Lei noted that Macau has so far confirmed 10 COVID-19 cases, comprising imported cases and cases in which locals were infected with the disease, adding that Macau “is not as lucky this time as” in 2003 when it recorded only one SARS case. Lei said that the government’s measures have been successful so far in preventing a community outbreak, again urging residents to avoid complacency.
Macau’s last two COVID-19 cases, the 9th and 10th cases, were confirmed on February 4. Among the 10 COVID-19 patients, five have meanwhile been discharged from hospital. The 10 cases comprise seven tourists from Wuhan and three locals.
8,759 patacas for 14-day quarantine for migrant workers
During Tuesday’s press conference, Inês Chan Lou, who heads the Licensing and Inspection Department of the Macau Government Tourism Office (MGTO), said that non-resident workers who have been on the mainland 14 days before their intended entry into Macau but cannot go into 14 days of quarantine in Zhuhai – for instance, those who have arrived in Macau by air – will have to go into the quarantine in the Pousada Marina Infante hotel in Cotai for a fee of 8,750 patacas.
The government announced on Monday that non-resident workers who have been on the mainland 14 days before their intended entry into Macau will have to stay under medical surveillance for 14 days in a place in the adjacent city of Zhuhai arranged by the health authorities there and then obtain a health certificate issued by the Zhuhai health authorities confirming that they are not infected with the novel coronavirus before they will be allowed to enter Macau.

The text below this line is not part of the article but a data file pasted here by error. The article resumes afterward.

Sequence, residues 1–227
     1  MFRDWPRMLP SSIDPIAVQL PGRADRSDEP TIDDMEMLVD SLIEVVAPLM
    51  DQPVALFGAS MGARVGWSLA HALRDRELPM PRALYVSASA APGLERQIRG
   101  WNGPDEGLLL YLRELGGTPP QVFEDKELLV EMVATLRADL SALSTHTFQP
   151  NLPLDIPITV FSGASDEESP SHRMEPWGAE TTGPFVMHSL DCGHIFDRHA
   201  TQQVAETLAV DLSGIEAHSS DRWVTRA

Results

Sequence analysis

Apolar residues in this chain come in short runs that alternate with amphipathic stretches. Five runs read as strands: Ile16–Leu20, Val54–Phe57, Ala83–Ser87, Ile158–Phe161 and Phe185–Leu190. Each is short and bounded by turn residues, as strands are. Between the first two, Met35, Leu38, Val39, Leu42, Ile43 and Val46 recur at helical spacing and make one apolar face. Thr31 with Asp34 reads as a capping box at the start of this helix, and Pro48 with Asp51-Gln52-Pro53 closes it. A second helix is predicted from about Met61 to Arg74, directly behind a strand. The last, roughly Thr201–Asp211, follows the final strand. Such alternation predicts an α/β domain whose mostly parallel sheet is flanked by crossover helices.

According to Monday’s announcement of the new measure, those who intend to enter Macau but cannot obtain the required health certificate – for instance, those who have arrived in Macau by air – will have to remain under medical surveillance for 14 days in a place in Macau arranged by the local health authorities, and pay for their accommodation and meals.
According to Chan, those who have completed the 14-day quarantine in the Pousada Marina Infante hotel will have to directly pay the hotel when they complete the quarantine and check out.
5 Macau residents on Diamond Princess to join HK charter flight
Meanwhile, the government’s Novel Coronavirus Response and Coordination Centre announced in a statement on Tuesday that the five Macau residents on the Diamond Princess cruise ship – which has been docked off the coast of Yokohama in Japan for around two weeks – will be taken on a charter flight back to Hong Kong arranged by the Hong Kong government.
The Hong Kong government is arranging two charter flights to Tokyo to bring home more than 300 Hong Kong people who have been quarantined on the ill-fated vessel for around two weeks. They are expected to return to Hong Kong tomorrow, public broadcaster RTHK has reported.
According to Hong Kong media reports, 542 passengers, including about 50 Hong Kong people, on the ship were diagnosed with COVID-19 until Tuesday, accounting for 15 per cent of the some 3,700 passengers and crew members on board.
(The Macau Post Daily/Macau News)